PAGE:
In order to get an accurate picture of what's going on and the thinking in and around the industry, the respondents to our Media Investment Survey 2007 came from all over—agency, media, advertiser/client, supplier, and academia. A majority identified themselves as directors, owners and managers, and almost 90 percent were to some degree involved in the company or client's decision-making process for media investment.

[SLIDE 7 – ]

We started out with a simple question: During a time of unprecedented change, how are marketers navigating the tumultuous media landscape? A few major findings:


  • When asked about media planning in 2007, respondents ranked the following statement-"I am open to new ways to use traditional media" —highest at 78 percent; the next statement—"The right media mix almost always includes a balance of traditional and nontraditional media"—came in with 76 percent and the final statement—"The search for new properties to grow my brand never stops"—garnered 58 percent. When it came to traditional media...
  • 51 percent of respondents said newspapers are the media category with the most opportunity for reinvention;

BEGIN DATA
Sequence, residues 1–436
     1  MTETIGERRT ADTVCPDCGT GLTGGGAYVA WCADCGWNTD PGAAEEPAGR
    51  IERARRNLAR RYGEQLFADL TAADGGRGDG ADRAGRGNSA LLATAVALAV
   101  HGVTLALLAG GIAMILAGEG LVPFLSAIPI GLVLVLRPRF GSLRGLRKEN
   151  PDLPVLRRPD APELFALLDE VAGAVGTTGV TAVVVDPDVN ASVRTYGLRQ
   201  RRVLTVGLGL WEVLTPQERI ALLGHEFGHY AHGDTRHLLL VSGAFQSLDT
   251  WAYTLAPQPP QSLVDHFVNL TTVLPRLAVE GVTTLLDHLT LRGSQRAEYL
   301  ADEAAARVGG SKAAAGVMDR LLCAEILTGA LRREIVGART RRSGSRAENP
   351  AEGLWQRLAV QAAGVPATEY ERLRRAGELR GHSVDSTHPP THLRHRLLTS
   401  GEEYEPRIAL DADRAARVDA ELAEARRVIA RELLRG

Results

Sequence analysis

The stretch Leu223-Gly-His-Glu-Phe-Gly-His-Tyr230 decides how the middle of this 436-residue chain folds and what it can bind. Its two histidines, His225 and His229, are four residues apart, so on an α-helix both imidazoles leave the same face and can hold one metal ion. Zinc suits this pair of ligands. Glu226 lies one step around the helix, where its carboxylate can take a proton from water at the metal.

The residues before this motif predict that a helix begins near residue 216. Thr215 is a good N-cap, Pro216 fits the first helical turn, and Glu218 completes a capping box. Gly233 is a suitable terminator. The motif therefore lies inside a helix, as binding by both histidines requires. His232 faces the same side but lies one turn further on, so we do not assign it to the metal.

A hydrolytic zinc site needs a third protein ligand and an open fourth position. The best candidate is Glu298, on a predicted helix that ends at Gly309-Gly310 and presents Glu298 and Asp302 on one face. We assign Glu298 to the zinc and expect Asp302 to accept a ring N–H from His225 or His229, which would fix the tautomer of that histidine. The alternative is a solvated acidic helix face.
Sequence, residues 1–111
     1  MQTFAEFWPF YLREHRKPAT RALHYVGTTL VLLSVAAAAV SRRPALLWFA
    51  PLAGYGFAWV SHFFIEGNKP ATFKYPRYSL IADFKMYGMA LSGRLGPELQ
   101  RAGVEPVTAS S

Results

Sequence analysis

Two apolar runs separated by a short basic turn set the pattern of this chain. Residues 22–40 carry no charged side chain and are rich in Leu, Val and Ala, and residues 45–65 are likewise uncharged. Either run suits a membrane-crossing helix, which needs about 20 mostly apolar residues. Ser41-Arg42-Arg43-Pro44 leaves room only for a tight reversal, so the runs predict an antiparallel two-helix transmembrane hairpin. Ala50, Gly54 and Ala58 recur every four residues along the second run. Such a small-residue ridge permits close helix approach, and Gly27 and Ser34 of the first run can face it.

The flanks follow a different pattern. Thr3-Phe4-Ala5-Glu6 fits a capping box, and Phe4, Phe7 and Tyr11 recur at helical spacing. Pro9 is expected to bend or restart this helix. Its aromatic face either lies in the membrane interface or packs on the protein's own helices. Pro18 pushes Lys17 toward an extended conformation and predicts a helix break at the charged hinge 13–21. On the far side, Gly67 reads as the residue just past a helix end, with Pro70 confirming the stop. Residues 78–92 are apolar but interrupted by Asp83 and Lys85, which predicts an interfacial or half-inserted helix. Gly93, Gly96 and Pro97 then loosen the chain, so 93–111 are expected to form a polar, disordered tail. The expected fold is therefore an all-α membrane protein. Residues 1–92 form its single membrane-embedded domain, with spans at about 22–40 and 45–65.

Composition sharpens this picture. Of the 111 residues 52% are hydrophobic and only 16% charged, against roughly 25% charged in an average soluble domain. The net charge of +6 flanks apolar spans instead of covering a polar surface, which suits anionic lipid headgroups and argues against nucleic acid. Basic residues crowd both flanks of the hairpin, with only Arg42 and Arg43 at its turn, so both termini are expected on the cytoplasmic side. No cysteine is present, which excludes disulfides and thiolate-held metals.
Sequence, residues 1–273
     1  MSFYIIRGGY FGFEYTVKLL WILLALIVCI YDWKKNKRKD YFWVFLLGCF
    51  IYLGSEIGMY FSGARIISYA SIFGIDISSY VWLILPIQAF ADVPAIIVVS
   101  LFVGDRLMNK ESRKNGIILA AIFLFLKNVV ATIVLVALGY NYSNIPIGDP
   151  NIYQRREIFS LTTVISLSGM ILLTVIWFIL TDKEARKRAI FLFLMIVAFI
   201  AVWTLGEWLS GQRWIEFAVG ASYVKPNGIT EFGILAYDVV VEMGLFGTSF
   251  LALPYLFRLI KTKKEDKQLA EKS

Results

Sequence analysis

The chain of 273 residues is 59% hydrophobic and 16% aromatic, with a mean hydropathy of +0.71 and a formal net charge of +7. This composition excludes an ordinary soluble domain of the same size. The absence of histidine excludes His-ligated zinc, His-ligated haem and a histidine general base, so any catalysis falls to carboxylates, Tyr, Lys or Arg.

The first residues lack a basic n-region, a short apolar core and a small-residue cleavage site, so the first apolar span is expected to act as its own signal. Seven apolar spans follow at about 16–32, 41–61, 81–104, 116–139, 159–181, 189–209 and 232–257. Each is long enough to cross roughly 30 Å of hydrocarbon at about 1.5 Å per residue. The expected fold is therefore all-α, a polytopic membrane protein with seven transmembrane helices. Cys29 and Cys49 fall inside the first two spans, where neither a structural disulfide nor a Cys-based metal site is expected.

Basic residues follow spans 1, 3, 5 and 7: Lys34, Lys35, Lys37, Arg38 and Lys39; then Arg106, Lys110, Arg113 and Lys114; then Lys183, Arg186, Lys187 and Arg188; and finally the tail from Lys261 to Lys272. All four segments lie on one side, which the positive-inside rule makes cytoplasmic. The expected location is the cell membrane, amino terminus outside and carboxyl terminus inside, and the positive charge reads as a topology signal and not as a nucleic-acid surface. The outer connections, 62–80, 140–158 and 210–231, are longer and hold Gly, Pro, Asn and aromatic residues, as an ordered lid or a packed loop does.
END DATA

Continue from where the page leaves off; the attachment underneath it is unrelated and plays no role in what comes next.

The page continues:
• 34 percent said it was network TV.
  • And in the magazine sector, 46 percent said the business category is "most in need of a newcomer to shake things up."


When asked to rate their own performance at managing, adapting to and getting out in front of significant changes in 2006, one-third of marketers give themselves high marks while one in five admit they have much room for improvement.

These finding confirm our other findings about the general wariness among advertising executives about their own ability to keep pace with the changing digital environment.


In the recent AAF Survey of Industry Leaders on Digital Media Trends, a whopping 58 percent said they are, and I quote, "struggling simply to manage existing online efforts, let alone stay ahead of the curve."